The East-Asian economic growth miracle : lessons for sub-Sahara Africa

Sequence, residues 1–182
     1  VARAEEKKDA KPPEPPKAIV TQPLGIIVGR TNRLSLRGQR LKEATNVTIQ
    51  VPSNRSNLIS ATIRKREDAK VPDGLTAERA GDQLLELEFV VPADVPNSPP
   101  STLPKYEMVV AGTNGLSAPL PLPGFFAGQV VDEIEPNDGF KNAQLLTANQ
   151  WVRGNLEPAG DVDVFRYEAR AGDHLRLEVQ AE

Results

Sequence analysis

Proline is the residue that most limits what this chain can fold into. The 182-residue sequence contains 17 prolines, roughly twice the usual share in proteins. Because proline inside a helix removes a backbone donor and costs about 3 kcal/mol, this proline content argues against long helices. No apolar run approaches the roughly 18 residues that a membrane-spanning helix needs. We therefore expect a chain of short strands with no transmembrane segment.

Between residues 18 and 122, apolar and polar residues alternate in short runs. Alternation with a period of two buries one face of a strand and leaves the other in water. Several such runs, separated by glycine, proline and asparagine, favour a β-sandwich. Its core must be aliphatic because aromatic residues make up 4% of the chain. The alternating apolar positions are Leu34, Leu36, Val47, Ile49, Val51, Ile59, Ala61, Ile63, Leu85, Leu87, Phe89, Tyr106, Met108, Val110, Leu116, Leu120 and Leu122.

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The economic performance of eight East Asian countries - Japan, South Korea, Taiwan, Hong Kong, Singapore, Thailand, Malaysia and Indonesia - have been described as the "East Asian Miracle" because of their economies' significant growth since the 1960s. In these eight countries real per capita Gross Domestic Product (GDP) rose twice as fast as in any other region between 1965 and 1990. In contrast, much of Sub-Sahara African (SSA) remains in poverty with slow growth in many SSA economies over the same period of time. In this light, it is the purpose of this study to identify the determinants of economic growth in East Asia over the period 1960 to 1990, and to determine whether these determinants are also relevant to explain economic growth in SSA. The hypothesis is that the determinants of economic growth in East Asia are similar to the determinants of economic growth in SSA. The experiences of East Asia - Malaysia, Thailand and Indonesia - can probably be most meaningfully compared to SSA economies. In the 1960s, the average levels of GDP in East Asia (Indonesia, Malaysia and Thailand) and SSA were similar. Also, economic structures and the social contexts of countries in East Asia in the 1960s were not apparently so different from those of some SSA countries. East Asia could be characterized as being relatively rich in natural resources but weaker in human resources. This is similar to the situation in many countries in SSA both in the 1960s and today. East Asia also had problems of ethnic conflict and periods of political instability. At the time (circa early 1960s), many expected rapid growth in SSA and stagnation in Asia. The study showed that SSA's exports have a small and declining share in the world trade and that its exports are largely confined to primary products and the importation of non-primary products. The study then showed that the causes for SSA's failure to grow were either because of proximate causes, i.e. exogenous factors such as bad weather, deteriorating terms of trade, fluctuating international interest rates and reduced inflows of foreign aid, or because of ultimate causes i.e. endogenous factors such as, inappropriate domestic policies, including incentive structures, and the mismanagement of public resources. The study found the determinants of East Asia's economic growth to be an outward oriented strategy, which build strong linkages with world markets and technology through an export promotion policy. East Asian countries also pursued conservative macroeconomic policies, which created a stable, predictable environment for investment and trade. Inflation was kept low, exchange rates competitive and debt affordable. Human capital was vigorously invested to develop an educated and technically competent labour force. And finally, competitive markets were maintained for factors to facilitate the structural transformation from primary production to manufacturing and eventually to knowledge-intensive industries. After running a regression analysis, which combined SSA and East Asian growth determinants, it is the findings of this study that policies, institutions and geographical factors determine SSA's growth performance. In particular factors such as initial GDP, exports as a percentage of GDP, government effectiveness, political stability, landlockness and tropics, external debt, population growth rate and literacy rate. If SSA could some way improve their policies and focus on becoming more open to international trade and thus promoting their exports, it may improve their economic growth rate. Although many of the same determinants, which caused East Asia's economic growth were found to be significant in the SSA experience, it was also found that the African dummy were extremely significant. This means that not all the determinants, which caused East Asia's economic growth, could be identified, and thus creates an avenue for further research.